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Chapman, Emma: First Light

Switching on Stars at the Dawn of Time
Opens a window into a previously dark and secret time in our universe's history: when the first stars were born. Astronomers have successfully observed a great deal of the Universe's history, from recording the afterglow of the Big Bang to imaging thousands of galaxies, and even to visualising an actual black hole. There's a lot for astronomers to be smug about. But when it comes to understanding how the Universe began and grew up, we are literally in the dark ages. In effect, we are missing the first one billion years from the timeline of the Universe. This brief but far-reaching period in the Universe's history, known to astrophysicists as the 'Epoch of Reionisation', represents the start of the cosmos as we experience it today. The time when the very first stars burst into life, when darkness gave way to light. After hundreds of millions of years of dark, uneventful expansion, one by the one these stars suddenly came into being. This was the point at which the chaos of the Big Bang first began to yield to the order of galaxies, black holes and stars, kick-starting the pathway to planets, to comets, to moons, and to life itself. Incorporating the very latest research into this branch of astrophysics, this book sheds light on this time of darkness, telling the story of these first stars, hundreds of times the size of the Sun and a million times brighter, lonely giants that lived fast and died young in powerful explosions that seeded the Universe with the heavy elements that we are made of. Dr Emma Chapman tells us how these stars formed, why they were so unusual, and what they can teach us about the Universe today. She also offers a first-hand look at the immense telescopes about to come on line to peer into the past, searching for the echoes and footprints of these stars, to take this period in the Universe's history from the realm of theoretical physics towards the wonder of observational astronomy.Throughout First Light, Chapman's authenticity and humour shine through . In short, this is a charming book that is as fun to read as it is informative, making it as ideal for the casual reader as for those with an existing understanding of the field.
Autor Chapman, Emma
Verlag Bloomsbury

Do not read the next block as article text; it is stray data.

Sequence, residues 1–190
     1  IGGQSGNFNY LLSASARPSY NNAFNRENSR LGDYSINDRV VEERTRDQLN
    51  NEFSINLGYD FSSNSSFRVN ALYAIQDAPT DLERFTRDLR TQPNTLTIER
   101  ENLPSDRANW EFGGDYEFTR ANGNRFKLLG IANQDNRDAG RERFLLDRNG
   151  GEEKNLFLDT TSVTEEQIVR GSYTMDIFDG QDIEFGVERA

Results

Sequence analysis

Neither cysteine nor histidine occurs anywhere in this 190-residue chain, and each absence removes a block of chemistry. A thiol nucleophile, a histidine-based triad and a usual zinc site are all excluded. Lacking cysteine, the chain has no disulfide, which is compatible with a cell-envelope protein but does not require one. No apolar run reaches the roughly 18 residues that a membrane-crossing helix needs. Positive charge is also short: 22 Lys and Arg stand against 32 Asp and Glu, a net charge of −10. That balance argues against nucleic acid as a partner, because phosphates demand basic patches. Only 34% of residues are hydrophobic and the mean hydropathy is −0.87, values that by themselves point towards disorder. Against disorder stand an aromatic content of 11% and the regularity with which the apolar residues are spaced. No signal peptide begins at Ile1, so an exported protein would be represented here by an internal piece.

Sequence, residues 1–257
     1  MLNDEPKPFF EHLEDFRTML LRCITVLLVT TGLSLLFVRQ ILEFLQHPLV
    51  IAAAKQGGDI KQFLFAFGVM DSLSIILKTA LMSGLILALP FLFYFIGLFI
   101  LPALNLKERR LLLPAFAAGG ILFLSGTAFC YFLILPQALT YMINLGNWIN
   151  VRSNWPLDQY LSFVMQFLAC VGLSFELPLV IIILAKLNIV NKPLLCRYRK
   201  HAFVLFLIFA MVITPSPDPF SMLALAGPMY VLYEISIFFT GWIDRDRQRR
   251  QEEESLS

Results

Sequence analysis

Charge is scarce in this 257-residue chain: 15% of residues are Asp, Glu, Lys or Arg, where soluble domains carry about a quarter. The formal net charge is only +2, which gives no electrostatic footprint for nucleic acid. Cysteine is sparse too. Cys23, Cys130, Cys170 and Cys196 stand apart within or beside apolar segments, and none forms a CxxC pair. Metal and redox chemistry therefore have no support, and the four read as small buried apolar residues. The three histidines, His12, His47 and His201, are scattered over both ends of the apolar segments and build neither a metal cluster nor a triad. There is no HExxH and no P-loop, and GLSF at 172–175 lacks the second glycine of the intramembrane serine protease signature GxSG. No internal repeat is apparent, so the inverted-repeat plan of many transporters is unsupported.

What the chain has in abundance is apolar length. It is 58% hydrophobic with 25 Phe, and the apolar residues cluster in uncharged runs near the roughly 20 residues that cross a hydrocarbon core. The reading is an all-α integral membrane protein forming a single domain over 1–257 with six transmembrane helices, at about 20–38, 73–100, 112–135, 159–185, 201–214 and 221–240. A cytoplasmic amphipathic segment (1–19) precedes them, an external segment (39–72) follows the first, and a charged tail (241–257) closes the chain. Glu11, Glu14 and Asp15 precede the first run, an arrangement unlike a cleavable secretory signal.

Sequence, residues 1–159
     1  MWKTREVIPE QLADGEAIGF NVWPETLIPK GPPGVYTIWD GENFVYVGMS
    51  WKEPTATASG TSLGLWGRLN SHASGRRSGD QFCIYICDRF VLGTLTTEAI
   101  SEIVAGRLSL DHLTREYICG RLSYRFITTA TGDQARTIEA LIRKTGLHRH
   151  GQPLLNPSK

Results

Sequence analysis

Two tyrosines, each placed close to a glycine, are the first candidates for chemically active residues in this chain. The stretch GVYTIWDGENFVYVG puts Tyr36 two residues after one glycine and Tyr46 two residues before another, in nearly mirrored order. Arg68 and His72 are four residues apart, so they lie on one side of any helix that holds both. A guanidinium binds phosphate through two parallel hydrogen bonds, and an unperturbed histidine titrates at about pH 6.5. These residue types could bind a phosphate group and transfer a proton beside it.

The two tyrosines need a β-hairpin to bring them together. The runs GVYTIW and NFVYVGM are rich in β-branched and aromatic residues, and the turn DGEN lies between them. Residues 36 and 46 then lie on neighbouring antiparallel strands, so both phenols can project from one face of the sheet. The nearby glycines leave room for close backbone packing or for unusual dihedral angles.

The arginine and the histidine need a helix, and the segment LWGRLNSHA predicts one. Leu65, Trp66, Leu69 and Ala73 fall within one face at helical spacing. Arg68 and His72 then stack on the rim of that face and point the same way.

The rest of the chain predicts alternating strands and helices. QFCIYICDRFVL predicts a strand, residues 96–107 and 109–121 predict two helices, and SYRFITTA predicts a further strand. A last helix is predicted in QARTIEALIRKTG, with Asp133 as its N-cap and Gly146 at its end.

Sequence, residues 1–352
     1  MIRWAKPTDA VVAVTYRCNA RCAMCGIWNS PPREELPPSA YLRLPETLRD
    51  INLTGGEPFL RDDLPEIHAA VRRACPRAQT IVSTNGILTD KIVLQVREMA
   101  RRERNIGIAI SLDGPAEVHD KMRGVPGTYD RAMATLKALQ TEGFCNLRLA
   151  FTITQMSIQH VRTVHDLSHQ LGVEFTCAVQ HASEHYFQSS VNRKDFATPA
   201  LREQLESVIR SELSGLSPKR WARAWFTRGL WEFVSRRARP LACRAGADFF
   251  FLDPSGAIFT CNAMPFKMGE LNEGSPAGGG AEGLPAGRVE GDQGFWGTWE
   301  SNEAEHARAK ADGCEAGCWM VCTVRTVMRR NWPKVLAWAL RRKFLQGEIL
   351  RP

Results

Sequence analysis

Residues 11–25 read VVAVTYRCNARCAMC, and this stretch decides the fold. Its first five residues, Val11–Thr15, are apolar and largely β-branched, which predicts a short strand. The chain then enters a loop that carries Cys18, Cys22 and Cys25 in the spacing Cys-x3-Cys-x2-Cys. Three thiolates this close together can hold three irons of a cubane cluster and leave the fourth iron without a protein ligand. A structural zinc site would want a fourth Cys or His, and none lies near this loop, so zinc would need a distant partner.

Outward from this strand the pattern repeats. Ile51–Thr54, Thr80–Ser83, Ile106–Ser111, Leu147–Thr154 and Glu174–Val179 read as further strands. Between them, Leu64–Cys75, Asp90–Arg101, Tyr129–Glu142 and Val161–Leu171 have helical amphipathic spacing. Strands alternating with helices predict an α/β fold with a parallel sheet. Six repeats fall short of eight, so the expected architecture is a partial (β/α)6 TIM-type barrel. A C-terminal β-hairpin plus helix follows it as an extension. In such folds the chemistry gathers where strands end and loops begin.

Einband Fester Einband
Erscheinungsjahr 2020
Seitenangabe 304 S.
Meldetext Lieferbar in ca. 10-20 Arbeitstagen
Ausgabekennzeichen Englisch
Masse H21.6 cm x B13.5 cm 438 g
Coverlag Bloomsbury Sigma (Imprint/Brand)
Opens a window into a previously dark and secret time in our universe's history: when the first stars were born. Astronomers have successfully observed a great deal of the Universe's history, from recording the afterglow of the Big Bang to imaging thousands of galaxies, and even to visualising an actual black hole. There's a lot for astronomers to be smug about. But when it comes to understanding how the Universe began and grew up, we are literally in the dark ages. In effect, we are missing the first one billion years from the timeline of the Universe. This brief but far-reaching period in the Universe's history, known to astrophysicists as the 'Epoch of Reionisation', represents the start of the cosmos as we experience it today. The time when the very first stars burst into life, when darkness gave way to light. After hundreds of millions of years of dark, uneventful expansion, one by the one these stars suddenly came into being. This was the point at which the chaos of the Big Bang first began to yield to the order of galaxies, black holes and stars, kick-starting the pathway to planets, to comets, to moons, and to life itself. Incorporating the very latest research into this branch of astrophysics, this book sheds light on this time of darkness, telling the story of these first stars, hundreds of times the size of the Sun and a million times brighter, lonely giants that lived fast and died young in powerful explosions that seeded the Universe with the heavy elements that we are made of. Dr Emma Chapman tells us how these stars formed, why they were so unusual, and what they can teach us about the Universe today. She also offers a first-hand look at the immense telescopes about to come on line to peer into the past, searching for the echoes and footprints of these stars, to take this period in the Universe's history from the realm of theoretical physics towards the wonder of observational astronomy.Throughout First Light, Chapman's authenticity and humour shine through . In short, this is a charming book that is as fun to read as it is informative, making it as ideal for the casual reader as for those with an existing understanding of the field.
Fr. 32.90
Verfügbarkeit: Am Lager
ISBN: 978-1-4729-6292-8
Verfügbarkeit: Lieferbar in ca. 10-20 Arbeitstagen

Über den Autor Chapman, Emma

Emma Chapman is a Royal Society research fellow and fellow of the Royal Astronomical Society, based at Imperial College London. She is among the world's leading researchers in search of the first stars to exist in our Universe and has been the recipient of multiple commendations and prizes, including the 2018 Royal Society Dorothy Hodgkin Research Fellowship and STFC Ernest Rutherford Fellowship, as well as the Institute of Physics Jocelyn Bell Burnell Prize and the Royal Society Athena Medal. Emma is a respected commentator on astrophysical matters and regularly contributes to the Guardian and BBC radio, and speaks at public events. @DrEOChapman

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